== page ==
Firstly, if you don't see any use to updating each year, why bother? Then you can avoid the licensing hassles, while you're at it. The main benefit for being on subscription is the technical support from Autodesk. Though, I wonder how many people realize they get that benefit. For most people, there aren't many really useful updates to AutoCAD each release. I will agree that there aren't many new updates to AutoCAD worth mentioning in the past few releases of the program. They've focused on areas that the generic AutoCAD program really shouldn't be pushed into. Things like point clouds, 3D solids, etc. Use the right tool for the job. Don't make a generic system like AutoCAD, that was designed for 2D work, do something it isn't designed to do. And with a (mostly) 2D tool like AutoCAD, there's only so much you can continue to do to keep the product new and fresh each release.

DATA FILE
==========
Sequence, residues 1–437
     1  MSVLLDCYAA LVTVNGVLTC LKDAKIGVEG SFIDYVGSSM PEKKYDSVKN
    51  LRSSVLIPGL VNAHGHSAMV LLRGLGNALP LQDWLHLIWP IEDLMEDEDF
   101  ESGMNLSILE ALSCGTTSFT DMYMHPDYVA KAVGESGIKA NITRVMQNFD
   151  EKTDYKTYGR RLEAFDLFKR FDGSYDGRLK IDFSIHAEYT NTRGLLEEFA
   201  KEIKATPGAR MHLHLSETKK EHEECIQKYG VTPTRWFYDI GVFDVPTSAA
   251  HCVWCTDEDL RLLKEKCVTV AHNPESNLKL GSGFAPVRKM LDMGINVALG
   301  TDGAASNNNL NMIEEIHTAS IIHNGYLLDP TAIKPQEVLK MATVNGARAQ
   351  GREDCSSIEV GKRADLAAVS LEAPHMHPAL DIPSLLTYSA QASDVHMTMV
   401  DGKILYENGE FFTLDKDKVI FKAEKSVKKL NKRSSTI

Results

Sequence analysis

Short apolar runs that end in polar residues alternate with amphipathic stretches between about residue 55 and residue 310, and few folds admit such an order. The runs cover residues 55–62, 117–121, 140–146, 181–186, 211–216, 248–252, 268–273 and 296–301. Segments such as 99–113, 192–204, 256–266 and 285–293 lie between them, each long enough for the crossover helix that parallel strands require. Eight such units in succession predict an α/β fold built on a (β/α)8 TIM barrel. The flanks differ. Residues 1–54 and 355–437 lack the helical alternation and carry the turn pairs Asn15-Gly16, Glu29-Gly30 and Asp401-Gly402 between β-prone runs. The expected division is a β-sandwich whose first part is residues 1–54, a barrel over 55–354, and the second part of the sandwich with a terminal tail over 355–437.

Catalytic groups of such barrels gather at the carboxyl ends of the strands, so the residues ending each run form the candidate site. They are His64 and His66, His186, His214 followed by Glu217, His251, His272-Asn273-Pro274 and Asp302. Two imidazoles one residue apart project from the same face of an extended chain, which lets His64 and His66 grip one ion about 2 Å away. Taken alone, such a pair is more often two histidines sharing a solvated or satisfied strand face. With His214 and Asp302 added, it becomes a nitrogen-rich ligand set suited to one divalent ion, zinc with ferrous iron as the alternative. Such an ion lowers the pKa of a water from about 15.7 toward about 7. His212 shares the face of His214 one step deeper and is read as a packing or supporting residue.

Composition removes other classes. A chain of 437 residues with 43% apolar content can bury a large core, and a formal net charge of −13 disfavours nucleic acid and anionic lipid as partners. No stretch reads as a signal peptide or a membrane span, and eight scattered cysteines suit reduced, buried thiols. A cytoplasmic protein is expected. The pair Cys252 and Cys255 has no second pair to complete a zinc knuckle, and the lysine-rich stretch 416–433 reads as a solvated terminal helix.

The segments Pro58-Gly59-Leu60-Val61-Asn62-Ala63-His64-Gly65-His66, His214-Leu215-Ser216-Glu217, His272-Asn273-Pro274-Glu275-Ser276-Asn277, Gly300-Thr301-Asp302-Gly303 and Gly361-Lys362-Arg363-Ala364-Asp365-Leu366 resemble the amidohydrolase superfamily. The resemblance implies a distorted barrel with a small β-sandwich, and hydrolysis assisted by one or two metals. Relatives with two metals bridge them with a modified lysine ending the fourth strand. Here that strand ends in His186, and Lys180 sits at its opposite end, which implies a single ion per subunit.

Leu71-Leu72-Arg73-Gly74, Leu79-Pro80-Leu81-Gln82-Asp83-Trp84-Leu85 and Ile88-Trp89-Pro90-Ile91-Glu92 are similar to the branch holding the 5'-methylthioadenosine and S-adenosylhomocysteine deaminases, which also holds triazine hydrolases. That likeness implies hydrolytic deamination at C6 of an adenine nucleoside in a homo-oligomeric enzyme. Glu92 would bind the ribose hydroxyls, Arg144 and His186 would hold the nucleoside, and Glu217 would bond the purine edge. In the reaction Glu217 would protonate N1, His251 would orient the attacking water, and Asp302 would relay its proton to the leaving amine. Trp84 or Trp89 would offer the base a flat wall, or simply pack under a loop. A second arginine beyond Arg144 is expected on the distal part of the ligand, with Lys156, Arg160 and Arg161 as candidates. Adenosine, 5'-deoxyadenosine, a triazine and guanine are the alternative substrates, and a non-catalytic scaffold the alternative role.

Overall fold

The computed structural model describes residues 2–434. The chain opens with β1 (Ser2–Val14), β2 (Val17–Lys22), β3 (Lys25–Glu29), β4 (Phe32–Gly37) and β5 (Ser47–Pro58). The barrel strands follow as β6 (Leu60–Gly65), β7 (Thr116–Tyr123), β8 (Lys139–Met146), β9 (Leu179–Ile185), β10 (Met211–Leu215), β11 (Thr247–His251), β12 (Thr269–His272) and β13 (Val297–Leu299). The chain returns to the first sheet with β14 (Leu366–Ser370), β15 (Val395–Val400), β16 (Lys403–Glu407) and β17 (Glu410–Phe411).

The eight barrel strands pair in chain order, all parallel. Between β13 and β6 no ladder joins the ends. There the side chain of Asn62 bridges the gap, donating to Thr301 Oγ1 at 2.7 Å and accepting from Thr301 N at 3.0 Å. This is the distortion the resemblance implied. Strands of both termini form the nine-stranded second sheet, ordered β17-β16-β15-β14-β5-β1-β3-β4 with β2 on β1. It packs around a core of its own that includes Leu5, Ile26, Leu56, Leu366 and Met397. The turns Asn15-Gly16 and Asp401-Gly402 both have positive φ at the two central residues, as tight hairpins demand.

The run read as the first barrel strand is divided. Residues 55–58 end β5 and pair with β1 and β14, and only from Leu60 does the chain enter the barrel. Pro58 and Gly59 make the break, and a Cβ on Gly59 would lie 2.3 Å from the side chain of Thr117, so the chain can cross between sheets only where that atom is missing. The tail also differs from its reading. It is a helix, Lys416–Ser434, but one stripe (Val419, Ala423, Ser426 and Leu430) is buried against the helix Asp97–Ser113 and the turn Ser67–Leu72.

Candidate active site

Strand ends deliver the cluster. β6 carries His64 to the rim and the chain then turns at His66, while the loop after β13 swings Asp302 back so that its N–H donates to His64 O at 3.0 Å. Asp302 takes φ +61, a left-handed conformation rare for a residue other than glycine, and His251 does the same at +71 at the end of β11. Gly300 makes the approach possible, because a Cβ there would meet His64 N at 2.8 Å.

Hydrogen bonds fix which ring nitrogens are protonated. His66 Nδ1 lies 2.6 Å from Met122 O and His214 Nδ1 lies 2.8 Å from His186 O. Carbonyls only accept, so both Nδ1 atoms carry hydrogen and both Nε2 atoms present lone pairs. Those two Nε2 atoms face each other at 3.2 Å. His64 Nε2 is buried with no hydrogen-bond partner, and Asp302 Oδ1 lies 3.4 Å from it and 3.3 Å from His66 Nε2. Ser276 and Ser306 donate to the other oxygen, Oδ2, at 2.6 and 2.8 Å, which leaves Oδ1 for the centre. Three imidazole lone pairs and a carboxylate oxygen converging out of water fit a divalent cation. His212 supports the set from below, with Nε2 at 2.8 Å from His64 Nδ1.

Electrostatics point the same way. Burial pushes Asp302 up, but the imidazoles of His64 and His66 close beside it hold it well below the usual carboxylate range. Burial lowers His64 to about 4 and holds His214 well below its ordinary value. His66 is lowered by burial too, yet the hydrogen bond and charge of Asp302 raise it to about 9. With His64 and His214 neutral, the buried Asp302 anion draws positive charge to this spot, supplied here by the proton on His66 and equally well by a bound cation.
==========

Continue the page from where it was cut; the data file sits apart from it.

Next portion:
To add to the other comment about LMTOOLS, this software is actually a customizable 3rd-party network licensing product that's adapted for product-specific licensing by many companies out there, not just Autodesk. I believe most players in the CAD market use it, including Dassault (which also includes SolidWorks), PTC (Pro/Engineer), and I think Siemens (UG NX). There are also a whole host of other companies that use it outside of the CAD realm. While it LOOKS like it was made in the 90's, it does still function. Why bother making something look awesome when it's rarely opened and sitting on a server somewhere?
I'll agree that FlexNet licensing can be a real PITA sometimes. I should know, having to deal with providing technical support for it on a regular basis. (See disclaimer below.) But that doesn't mean it isn't a decent product, especially since most of the time it works just fine. But since it's been in use for such a long time, I highly doubt that it will be replaced with something that looks better and makes things easier to set up and use anytime soon.
But also remember that Autodesk produces well over 100 different products for all kinds of uses, not just vanilla AutoCAD. Things like Inventor, Revit, 3DS Max, Maya, etc. are all using these licensing and subscription models. While LMTOOLS and subscription/leasing may not be ideal for all of their products, it may be what they feel is the best middle ground for everything, rather than coming up with different models for different products.
Disclaimer: I work for an Autodesk partner.